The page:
[rancid] How to extend Rancid. Basics.

Alan McKinnon alan.mckinnon at gmail.com
Sun Aug 2 10:39:52 UTC 2015

On 01/08/2015 18:46, JM wrote:
> Alan McKinnon <alan.mckinnon <at> gmail.com> writes:
>> On 01/08/2015 13:30, Alex DEKKER wrote:
>>> On 01/08/15 10:48, jm+rancid <at> roth.lu wrote:
>>>> Hi there,
>>>> I wanted to extend Rancid with a script to monitor some Checkpoint
>>>> Gaia firewalls.
>> It's not that simple, there is no "master reference device type" so to
>> speak.
>> Here's how rancid works:
> Ok, as I thought, you just give rancid some text to store.
> For non-perl gurus, the modern modular method is complicated. In fact, the
> regexes you are talking about are specific to that I believe. As are
> variables like $found_end and $clean_run that seem to be important to talk
> to the main process. (Or is it just the return codes?)

The regexes are the bulk of the main loop inside the *rancid scripts,
and there are hundreds of them. Each one follows these general sort of

/some regular expression/ && next;
/some regular expression/ && ProcessHistory(...);

These are the magic bits of code that determine exactly what text will
make it into the output file that is eventually stored in CVS. They are
a monumental pain in the butt to maintain but there's really no other
way to do it. It's not rancid's fault - blame the kit vendors for not
agreeing to provide a standard way to access the info (which just
happens to be the second most important thing about it once the device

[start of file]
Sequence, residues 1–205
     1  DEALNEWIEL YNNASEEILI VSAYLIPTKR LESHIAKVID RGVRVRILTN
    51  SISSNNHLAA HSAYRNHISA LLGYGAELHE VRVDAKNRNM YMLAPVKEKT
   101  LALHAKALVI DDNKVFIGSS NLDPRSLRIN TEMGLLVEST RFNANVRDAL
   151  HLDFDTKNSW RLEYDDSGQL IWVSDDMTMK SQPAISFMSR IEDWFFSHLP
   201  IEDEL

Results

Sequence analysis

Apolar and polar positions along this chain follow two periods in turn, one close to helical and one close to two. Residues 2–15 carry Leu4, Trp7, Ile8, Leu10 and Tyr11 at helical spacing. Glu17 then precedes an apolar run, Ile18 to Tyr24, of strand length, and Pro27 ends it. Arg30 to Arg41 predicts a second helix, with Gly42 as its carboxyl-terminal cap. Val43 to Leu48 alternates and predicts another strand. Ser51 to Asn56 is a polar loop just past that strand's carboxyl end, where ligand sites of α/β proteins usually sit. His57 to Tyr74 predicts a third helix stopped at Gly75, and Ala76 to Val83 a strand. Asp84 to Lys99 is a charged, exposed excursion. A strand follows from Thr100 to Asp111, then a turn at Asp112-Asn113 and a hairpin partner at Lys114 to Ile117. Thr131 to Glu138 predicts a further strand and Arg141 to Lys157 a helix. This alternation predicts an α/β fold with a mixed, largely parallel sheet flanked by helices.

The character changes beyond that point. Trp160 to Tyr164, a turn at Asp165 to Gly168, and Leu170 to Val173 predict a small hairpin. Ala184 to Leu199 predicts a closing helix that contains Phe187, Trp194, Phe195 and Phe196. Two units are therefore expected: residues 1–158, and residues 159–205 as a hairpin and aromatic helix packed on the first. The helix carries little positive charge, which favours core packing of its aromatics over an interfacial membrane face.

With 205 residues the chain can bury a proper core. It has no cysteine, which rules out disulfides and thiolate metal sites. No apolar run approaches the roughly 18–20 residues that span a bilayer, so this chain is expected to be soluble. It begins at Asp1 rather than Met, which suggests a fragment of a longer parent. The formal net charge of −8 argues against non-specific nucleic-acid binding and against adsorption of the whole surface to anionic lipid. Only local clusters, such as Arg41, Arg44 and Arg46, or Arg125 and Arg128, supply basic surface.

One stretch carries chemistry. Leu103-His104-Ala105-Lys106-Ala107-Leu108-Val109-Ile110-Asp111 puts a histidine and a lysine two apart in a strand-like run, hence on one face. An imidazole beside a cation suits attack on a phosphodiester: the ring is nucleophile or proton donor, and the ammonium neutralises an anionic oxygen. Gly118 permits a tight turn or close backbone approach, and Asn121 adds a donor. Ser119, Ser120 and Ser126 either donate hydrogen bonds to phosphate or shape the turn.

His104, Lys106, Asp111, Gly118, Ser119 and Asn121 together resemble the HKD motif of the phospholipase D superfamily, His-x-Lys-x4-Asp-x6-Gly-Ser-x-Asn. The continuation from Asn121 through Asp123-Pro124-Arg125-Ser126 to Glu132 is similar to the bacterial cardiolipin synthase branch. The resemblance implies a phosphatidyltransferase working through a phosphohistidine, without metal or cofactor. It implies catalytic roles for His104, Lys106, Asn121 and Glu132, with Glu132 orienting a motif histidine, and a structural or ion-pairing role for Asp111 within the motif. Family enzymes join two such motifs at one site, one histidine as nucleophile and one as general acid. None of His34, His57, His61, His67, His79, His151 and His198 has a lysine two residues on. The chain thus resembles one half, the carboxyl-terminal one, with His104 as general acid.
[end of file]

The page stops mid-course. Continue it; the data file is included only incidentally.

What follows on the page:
works as intended). So each line has to be examined individually and
treated as a separate entity.

$found_end and $clean_run are internal true/false flag variables. They
indicate if the script got the full text it was expecting (a chunk of
text corresponding to each command issues plus a proper EOF at the end),
and if no errors were found. These flags tell the script if it must exit
with success or failure.

> Nothing will however prevent me from using the "old" method, give it a
> "script" and a "login" (in the types file).

Yes, you can do this. It's probably the better route if you only need to
deal with one device type not supported by rancid as shipped. The code
will be clean and you know right away it's a local addition to the codebase

> "login" can be, well, expect the login prompt, send the username, etc. you
> get it. The "script" can be a stupid expect script running "show
> configuration" and capturing the output. Maybe with some wrapper in a
> language one is fluent in around it to carry out additional checks. 

Yes, that's the way to do it. Use whatever tool you know and feels right

> Don't get me wrong. It's great that the "modern method" to use rancid is
> more modular (also less code duplication like with copying scripts etc.). It
> could however be interesting to have some abstract configuration file where
> you just tell it what to do, what to expect as a return, what to treat as
> error. Much like "expect" in itself, but simpler, because in that case you'd
> need to be a TCL guru. I'm thinking more along the lines of an INI file or
> something =D

I'm not sure I understand this paragraph. What is it that you want to

Alan McKinnon
alan.mckinnon at gmail.com

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